What you need to know about money for 2018

Part of the job description for a personal finance columnist is to be an amateur economist. For that reason, I’m a big fan of the annual Maclean’s list of the most important economic charts for the year to come.

The leads off my collection of financial intelligence that will help you better manage your money in the months ahead. Charts that caught my eye project a shocking rise in health care costs as our population ages, document the inexorable long-term increase in household debt and show the sad state of housing affordability. read more

Canada has a solid foundation for financial happiness. So why is the disposition so dim?

There is plenty to celebrate in Canada from a fiscal standpoint as we head into the final weeks of 2017.

Unemployment is down, wages are up, stocks are chugging along and homes have held the value they have built up in the last ten years. We’ve got a solid foundation for financial happiness, but people are not responding. It isn’t just Canada — individuals in a lot of other well-off countries do not feel satisfied with where they’re financially, either. read more

Do Not buy your next car, SUV or truck without reading this

For the net at its best, consider researching your next vehicle purchase. There is great information available free of charge on nearly every aspect of choosing the ideal vehicle.

Let us begin with fuel consumption. Natural Resources Canada has a manual for and for vehicles from . For safety ratings, have a look at the Insurance Institute for Highway Safety’s going back to 2004. There is also a list of annually. read more

Is your home or income property insured when it’s vacant?

A recent Alberta court ruling is a jarring reminder to homeowners and landlords to ensure they are onside with the requirements of their property insurance policies, particularly those regarding vacancy.

, which was released by the Alberta Court of Queen’s Bench last month, concerned a man who in 2011 bought an income property in the town of Westlock, just north of Edmonton. Immediately after his purchase, he bought property insurance and rented out the home to a married couple. read more

Equifax says number of Canadians affected by hack Moves 19,000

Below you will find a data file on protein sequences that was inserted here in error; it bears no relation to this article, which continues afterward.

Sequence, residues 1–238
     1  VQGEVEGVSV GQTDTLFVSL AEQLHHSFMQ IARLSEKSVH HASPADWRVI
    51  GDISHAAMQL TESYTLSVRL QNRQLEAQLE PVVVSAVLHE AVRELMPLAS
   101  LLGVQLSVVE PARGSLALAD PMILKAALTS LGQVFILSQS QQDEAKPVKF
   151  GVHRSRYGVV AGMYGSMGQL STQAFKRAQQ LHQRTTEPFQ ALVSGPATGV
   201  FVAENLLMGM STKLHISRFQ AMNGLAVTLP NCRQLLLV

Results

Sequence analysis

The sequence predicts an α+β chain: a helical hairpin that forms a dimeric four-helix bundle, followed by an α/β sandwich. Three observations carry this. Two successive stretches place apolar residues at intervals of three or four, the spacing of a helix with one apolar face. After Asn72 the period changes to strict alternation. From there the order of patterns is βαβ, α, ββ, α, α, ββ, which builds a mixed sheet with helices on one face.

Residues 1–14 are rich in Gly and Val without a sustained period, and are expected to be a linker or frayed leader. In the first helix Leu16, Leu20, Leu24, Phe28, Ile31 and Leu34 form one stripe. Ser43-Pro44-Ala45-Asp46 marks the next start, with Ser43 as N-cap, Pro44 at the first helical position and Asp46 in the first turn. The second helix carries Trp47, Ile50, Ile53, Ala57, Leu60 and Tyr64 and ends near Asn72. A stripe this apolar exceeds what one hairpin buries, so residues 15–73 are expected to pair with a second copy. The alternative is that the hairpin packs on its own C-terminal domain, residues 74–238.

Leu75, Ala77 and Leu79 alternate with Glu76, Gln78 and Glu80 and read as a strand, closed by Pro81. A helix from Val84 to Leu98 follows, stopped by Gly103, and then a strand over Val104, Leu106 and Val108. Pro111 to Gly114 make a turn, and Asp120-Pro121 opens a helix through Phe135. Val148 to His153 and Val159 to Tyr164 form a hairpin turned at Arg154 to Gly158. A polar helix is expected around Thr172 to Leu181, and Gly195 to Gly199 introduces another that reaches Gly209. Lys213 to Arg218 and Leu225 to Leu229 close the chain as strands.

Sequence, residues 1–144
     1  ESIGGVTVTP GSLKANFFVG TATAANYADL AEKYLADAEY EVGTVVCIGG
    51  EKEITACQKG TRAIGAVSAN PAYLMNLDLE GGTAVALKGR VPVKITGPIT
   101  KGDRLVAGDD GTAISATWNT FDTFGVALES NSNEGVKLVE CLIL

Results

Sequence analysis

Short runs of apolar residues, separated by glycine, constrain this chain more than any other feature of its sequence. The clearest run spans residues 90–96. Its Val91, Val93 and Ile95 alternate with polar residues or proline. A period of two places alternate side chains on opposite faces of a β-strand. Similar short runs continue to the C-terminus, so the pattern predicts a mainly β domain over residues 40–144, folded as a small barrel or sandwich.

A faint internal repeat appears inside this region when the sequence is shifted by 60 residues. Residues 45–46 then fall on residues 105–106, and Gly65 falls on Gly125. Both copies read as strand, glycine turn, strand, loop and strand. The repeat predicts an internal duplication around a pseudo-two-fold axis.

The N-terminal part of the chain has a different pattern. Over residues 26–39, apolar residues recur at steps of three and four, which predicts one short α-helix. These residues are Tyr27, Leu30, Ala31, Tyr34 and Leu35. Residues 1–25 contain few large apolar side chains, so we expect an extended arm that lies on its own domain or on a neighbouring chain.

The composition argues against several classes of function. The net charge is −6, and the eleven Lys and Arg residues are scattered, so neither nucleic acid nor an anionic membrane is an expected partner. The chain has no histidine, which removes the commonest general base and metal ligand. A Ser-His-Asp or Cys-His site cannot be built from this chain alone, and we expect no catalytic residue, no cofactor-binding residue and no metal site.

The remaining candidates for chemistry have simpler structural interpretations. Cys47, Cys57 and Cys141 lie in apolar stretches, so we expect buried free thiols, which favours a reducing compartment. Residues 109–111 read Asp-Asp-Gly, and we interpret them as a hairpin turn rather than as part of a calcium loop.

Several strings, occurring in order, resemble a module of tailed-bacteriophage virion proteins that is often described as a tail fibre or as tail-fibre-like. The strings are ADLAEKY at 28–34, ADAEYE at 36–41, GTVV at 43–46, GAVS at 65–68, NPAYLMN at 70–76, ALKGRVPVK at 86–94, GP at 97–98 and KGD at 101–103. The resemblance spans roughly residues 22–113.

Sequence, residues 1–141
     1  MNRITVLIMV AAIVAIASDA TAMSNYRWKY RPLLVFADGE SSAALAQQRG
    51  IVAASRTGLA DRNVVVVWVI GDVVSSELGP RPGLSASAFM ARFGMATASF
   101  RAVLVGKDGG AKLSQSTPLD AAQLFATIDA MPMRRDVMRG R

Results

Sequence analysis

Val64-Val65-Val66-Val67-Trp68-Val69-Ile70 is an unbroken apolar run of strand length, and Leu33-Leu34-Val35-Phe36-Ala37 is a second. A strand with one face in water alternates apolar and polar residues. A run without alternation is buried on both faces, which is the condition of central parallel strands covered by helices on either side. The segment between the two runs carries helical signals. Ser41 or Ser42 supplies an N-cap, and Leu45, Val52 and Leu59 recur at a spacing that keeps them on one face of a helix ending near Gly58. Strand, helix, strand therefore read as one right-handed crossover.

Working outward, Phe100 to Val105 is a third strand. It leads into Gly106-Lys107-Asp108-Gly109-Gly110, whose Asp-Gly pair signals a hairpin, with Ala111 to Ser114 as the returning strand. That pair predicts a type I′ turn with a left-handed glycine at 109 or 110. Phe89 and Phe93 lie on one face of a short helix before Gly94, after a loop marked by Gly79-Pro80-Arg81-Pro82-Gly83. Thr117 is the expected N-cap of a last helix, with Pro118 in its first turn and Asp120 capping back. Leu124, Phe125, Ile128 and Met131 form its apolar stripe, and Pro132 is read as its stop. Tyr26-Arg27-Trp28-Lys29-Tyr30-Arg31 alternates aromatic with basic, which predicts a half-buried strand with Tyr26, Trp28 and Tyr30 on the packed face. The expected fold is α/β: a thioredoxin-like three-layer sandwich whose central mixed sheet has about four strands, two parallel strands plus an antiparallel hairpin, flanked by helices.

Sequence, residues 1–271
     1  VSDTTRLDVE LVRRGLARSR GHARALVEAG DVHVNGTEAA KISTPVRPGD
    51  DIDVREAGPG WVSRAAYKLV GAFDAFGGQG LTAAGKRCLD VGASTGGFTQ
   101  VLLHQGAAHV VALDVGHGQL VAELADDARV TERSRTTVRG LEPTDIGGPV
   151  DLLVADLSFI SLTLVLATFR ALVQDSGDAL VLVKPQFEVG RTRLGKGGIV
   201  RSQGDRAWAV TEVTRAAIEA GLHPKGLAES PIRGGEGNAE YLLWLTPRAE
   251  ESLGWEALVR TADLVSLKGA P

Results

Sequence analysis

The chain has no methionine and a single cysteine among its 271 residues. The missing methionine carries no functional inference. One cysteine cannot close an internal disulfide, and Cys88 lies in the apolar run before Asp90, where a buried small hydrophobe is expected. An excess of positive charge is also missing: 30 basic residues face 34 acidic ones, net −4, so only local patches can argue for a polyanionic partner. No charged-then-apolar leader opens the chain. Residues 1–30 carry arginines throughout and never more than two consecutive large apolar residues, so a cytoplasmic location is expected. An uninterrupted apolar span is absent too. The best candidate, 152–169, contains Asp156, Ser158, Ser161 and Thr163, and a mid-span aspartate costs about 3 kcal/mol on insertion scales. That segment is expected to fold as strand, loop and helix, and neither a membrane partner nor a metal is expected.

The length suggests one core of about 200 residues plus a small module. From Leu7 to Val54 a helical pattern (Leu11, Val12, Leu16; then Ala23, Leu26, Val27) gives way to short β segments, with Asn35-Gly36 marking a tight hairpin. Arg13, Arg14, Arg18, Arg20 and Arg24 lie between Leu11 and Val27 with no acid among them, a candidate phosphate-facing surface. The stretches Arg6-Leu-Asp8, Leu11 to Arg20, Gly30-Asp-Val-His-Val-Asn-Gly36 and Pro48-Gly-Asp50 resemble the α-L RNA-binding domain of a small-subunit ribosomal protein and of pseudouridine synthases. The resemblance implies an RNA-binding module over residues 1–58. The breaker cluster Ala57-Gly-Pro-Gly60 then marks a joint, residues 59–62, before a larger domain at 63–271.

Equifax Canada has revised the amount of Canadians caught up in a gigantic data breach earlier this season, saying an investigation has discovered that over 19,000 were affected.

The business previously said about 8,000 Canadian clients had their personal information compromised in the cyber attack, but could not say how many extra credit cards were impacted throughout the nation. read more

‘I Am a conservative investor, but I Am open to Property’

An 81-year-old self-described conservative investor says his concern is protecting his chief. His preference would be to invest in guaranteed investment certificates, but prices are low. Because of this, he is open to property.

I believe this could be a mistake, and so does Bev Moir, senior wealth advisor at ScotiaMcleod at Toronto. Ms. Moir recently responded to by the 81-year-old investor at a forum on a site for advisers. “I would not recommend property … because it is illiquid, and prices may be in the high end of this cycle,” Ms.Moir wrote. Well said. read more

How e-transfers are ousting Newspaper cheques

The surging popularity of e-transfers could soon cancel the newspaper cheque’s standing as our favorite way to send cash.

The cheque as we know it has existed for 300 years, while the Interac e-transfer dates back 15 years. But recent trends suggest e-transfers could overtake cheques in popularity in a couple of years. A pair of new features to create e-transfers more convenient could accelerate the procedure. read more